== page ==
You should be having fun! Like laughing and letting yourself feel that tummy tickling sensation, swinging and basking in childhood glee, while remembering that favorite swing from way back when.
The hard part here, yes there is a hard part… the secret!! How to find this swing. It is one of the hidden Secret Swings located somewhere on the coast in San Diego. Should I tell you how to find it? Would you want to come swing with me? Because there’s plenty of room for two. And then after our sides hurt from laughing, tell me all those stories, those favorite memories of that swing from back then? You and that swing… And how the neighborhood boys threw snowballs at you while you were swinging as high as you could, which almost made you fall off. So then you got so mad you went and got your friends and you made hundreds of snowballs and you threw those perfect snowballs back at those boys at extreme speed and with perfect aim? Yes stories like that… it’s a great place to sit and talk while looking at that view… oh that picturesque view… is just breathtaking facing La Jolla Cove.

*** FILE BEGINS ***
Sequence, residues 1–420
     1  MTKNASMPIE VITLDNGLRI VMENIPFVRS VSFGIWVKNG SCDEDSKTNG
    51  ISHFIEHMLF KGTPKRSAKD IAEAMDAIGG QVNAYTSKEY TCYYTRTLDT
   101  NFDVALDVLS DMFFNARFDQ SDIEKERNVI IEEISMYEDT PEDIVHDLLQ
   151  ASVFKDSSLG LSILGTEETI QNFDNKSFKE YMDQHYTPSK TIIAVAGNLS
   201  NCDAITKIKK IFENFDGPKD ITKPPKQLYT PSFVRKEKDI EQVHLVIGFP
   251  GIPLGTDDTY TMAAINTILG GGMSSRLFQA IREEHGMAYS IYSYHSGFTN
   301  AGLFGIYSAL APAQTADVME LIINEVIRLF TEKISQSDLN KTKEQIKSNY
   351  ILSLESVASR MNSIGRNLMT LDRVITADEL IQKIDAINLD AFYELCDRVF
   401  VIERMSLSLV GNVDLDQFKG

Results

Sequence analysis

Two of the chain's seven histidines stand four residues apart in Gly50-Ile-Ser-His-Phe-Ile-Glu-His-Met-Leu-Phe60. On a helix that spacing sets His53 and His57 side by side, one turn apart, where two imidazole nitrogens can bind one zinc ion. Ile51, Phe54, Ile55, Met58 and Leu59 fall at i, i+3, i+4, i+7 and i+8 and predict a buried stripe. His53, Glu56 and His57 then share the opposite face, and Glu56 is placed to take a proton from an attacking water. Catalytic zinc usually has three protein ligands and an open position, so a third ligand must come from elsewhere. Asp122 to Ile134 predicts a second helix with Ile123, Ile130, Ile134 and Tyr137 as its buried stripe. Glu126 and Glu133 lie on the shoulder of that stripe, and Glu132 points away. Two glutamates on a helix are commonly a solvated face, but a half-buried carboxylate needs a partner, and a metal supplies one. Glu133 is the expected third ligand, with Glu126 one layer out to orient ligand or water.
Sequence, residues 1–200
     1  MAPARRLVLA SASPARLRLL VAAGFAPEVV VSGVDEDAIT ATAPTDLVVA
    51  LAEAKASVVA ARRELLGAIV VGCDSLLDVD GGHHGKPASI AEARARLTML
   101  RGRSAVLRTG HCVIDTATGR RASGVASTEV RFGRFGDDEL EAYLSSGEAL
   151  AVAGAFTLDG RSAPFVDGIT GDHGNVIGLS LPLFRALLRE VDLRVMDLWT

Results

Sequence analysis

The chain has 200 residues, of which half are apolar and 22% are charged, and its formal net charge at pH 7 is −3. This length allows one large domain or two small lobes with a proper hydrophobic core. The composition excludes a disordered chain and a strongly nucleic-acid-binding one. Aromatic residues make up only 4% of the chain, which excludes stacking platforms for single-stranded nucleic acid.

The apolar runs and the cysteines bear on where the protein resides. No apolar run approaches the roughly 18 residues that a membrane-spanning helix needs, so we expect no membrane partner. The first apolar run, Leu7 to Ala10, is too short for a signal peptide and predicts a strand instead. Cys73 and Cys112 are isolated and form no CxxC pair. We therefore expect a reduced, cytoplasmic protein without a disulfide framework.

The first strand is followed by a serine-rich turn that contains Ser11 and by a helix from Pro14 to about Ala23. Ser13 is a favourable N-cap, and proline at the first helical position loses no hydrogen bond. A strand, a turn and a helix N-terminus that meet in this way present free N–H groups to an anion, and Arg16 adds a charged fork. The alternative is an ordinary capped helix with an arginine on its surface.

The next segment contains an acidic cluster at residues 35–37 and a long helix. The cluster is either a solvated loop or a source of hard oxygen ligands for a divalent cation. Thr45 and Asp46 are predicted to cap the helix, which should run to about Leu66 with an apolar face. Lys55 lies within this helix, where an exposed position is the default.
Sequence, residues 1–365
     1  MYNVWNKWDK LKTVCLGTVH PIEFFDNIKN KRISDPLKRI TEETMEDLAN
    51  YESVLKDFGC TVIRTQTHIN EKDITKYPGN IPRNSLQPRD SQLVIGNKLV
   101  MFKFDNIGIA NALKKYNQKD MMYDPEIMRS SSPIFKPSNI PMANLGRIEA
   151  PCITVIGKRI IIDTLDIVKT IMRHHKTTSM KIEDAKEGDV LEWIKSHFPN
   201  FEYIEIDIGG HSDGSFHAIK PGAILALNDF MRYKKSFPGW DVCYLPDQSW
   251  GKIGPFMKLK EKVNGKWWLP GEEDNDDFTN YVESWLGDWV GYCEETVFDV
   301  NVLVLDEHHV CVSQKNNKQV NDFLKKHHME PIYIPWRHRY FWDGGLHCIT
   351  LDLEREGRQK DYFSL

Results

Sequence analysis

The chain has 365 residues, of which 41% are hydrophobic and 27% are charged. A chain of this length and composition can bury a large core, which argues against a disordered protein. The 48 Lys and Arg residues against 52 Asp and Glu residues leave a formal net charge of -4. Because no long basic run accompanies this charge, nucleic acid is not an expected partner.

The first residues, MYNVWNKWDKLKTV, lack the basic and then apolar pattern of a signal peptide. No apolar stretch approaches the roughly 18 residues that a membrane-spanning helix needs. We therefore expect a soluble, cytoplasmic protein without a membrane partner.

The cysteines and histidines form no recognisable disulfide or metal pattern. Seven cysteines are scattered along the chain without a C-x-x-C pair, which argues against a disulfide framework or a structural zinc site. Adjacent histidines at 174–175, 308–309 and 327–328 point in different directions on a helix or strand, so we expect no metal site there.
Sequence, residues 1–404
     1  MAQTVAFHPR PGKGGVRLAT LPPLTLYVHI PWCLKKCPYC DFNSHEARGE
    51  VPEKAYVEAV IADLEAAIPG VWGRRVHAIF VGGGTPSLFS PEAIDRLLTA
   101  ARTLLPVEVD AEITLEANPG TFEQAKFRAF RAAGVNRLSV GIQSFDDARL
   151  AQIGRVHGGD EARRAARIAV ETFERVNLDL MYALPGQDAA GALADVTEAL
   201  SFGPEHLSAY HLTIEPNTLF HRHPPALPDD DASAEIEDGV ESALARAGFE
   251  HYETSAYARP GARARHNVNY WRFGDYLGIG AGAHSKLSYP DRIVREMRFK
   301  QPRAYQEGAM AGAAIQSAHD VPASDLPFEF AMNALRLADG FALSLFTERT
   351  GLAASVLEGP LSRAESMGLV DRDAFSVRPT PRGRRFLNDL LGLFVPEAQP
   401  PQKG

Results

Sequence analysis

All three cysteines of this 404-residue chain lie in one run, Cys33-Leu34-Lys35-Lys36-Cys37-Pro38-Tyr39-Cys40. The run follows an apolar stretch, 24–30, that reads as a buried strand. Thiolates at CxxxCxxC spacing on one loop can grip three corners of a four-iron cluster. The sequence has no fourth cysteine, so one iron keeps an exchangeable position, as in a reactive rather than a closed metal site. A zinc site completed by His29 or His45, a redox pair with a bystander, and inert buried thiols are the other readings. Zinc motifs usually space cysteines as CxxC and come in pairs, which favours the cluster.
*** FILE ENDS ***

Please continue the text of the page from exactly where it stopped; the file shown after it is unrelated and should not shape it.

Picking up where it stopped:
Legend has it that a local artist takes the swing down every once in a while and creates a new one and that he/she sometimes even moves it to a different location. Once there were 3 of them next to each other. I’ve seen this one dressed differently and with different messages on it, but who this secret artist is is still a mystery.

Love and appreciation. It’s the little things …

No one is supposed to talk about where it is, secrets are supposed to stay secrets after all, but maybe a few hints might be okay. Shh… don’t tell anyone. But if you ever happen to go to Birch aquarium in La Jolla, which is definitely worth a visit, and …

… park all the way at the end of the parking lot, then you might see this tiny little wooden bridge, that you could cross if you’re a little adventurous. Then climb up the hillside until you see a really big beautiful tree…

Now go out there and have some fun!


My mom, the best mom in the whole world of course, thinks I should be more personal here on this blog. She also loves gardening… so I thought, in honor of her, and Mother’s Day, I’d take you along on my (almost) daily walk around the neighborhood and show you some of my favorite things that I get to see and some of the stuff that just makes me smile…